Mexico City Metropolitan Cathedral, Mexico

Sacred center in the historic heart of Mexico City


Interior Metropolitan Cathedral by CyArkCyArk

Introducing the Metropolitan Cathedral

Built on top of the capital of the Aztec empire, Tenochtitlan, Mexico City’s Metropolitan Cathedral exemplifies the dynamic nature of a city and nation influenced by its indigenous and colonial histories. The Cathedral complex is the seat of the Roman Catholic Archdiocese of Mexico and is composed of four buildings: the cathedral, the sagrario or sacristy, the Capilla de las Animas, and the Ex curia building. The expansively ornate cathedral draws visitors from around the world and remains an active religious center for Mexicans today. 

Inside Mexico City's Metropolitan Cathedral (2018-09-24) by CyArkCyArk

Historic Context

The construction of the Metropolitan Cathedral began in 1573 around a smaller church that was built shortly after the Spanish conquest of Tenochtitlan. Because the cathedral involved so many artists, religious leaders, architects, and government authorities from different generations, the cathedral is seen as a place of social and cultural crossroads. This cathedral is a celebration of many styles and influences over time. This cathedral also represents the conquests of the Spanish over the Aztecs, as it exists on top of the former site of the Templo Mayor, the main temple where the Aztecs would have celebrated their gods.

Mexico City's Metropolitan Cathedral (2018) by CyArkCyArk

The Metropolitan Cathedral Today

This expansively ornate cathedral draws visitors from around the world and remains an active religious center for Mexicans today. The historic city center - including the cathedral - is a UNESCO World Heritage Site, specifically for the exemplary architecture featured in the buildings around the city and their historical significance. This cathedral is the oldest and largest cathedral in all of Latin America, and has survived centuries of harsh weather and earthquakes. The cathedral also currently houses the seat of the Roman Catholic Archdiocese of Mexico. 

Metropolitan Cathedral organCyArk

Sounds of the Cathedral

Crafted by Spanish builder, Jose Nassarre, the cathedral's organs emulate Spanish baroque style. Added to over time, the organs on the east and west side of the choir are comprised of seventy-one bass and eighty-seven treble registers. With two facades facing one another, the organs create layers of sound reflecting baroque influence and the power of the Metropolitan Cathedral as a significant spiritual site.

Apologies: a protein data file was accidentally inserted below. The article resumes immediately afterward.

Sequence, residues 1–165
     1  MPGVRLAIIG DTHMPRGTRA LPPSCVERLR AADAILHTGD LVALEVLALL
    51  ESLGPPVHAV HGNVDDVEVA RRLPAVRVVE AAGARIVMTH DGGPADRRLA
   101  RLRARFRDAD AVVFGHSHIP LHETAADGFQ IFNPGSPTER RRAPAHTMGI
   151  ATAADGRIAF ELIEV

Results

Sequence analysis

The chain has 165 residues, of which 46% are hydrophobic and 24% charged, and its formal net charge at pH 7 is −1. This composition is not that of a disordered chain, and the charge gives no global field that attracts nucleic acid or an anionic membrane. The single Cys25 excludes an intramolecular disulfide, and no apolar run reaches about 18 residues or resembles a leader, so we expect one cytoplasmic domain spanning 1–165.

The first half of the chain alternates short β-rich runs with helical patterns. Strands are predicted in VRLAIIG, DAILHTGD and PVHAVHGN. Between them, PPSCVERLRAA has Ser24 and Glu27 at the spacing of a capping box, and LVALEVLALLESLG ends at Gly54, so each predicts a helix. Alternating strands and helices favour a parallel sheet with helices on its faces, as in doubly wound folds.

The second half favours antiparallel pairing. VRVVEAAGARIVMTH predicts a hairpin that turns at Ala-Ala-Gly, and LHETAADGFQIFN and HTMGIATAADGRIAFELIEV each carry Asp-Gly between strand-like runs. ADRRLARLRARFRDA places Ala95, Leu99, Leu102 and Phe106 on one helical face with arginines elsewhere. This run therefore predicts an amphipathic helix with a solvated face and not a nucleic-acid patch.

Digitizing the Metropolitan Cathedral in Mexico City by CyArkCyArk

Digital laser scan in Mexico City's Cathedral (2018) by CyArkCyArk

Expedition Overview

In November 2018, CyArk documented the Mexico City Metropolitan Cathedral in collaboration with the Directorate General of Sites and Monuments and the Secretaria de Cultura, Agenda Digital de Cultura. Citibanamex Compromiso Social supported the project. Subject to earthquake damage over the centuries of its existence, a 2017 earthquake caused further damage to the structure. Using laser scanning technology, photogrammetry, and drones, CyArk digitally captured details of the structure today. This information will aid site managers in restoration work and preserving the cathedral, one of Mexico’s most important religious and historic sites.

Orthographic drawing of Mexico City's Metropolitan Cathedral (2018) by CyArkCyArk

Mexico City's Metropolitan Cathedral (2018-09-24) by CyArkCyArk

Additional Resources

For more information on this site, its history and additional resources relating to CyArk’s work please visit

CyArk Mexico City Metropolitan Cathedral Resources.

Credits: Story

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This project was made possible through the generous support of Citibanamex Compromiso Social and the following partners:

Direccion General de Sitios y Monumentos

Arquidiócesis de México

Agenda Digital de Cultura

Credits: All media
The story featured may in some cases have been created by an independent third party and may not always represent the views of the institutions, listed below, who have supplied the content.